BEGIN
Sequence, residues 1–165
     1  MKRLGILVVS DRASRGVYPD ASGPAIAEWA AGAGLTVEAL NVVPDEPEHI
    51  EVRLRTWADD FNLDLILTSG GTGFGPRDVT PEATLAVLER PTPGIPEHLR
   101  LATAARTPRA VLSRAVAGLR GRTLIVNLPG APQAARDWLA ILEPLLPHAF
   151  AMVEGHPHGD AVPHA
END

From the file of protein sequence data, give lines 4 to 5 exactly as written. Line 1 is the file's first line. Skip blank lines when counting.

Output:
   101  LATAARTPRA VLSRAVAGLR GRTLIVNLPG APQAARDWLA ILEPLLPHAF
   151  AMVEGHPHGD AVPHA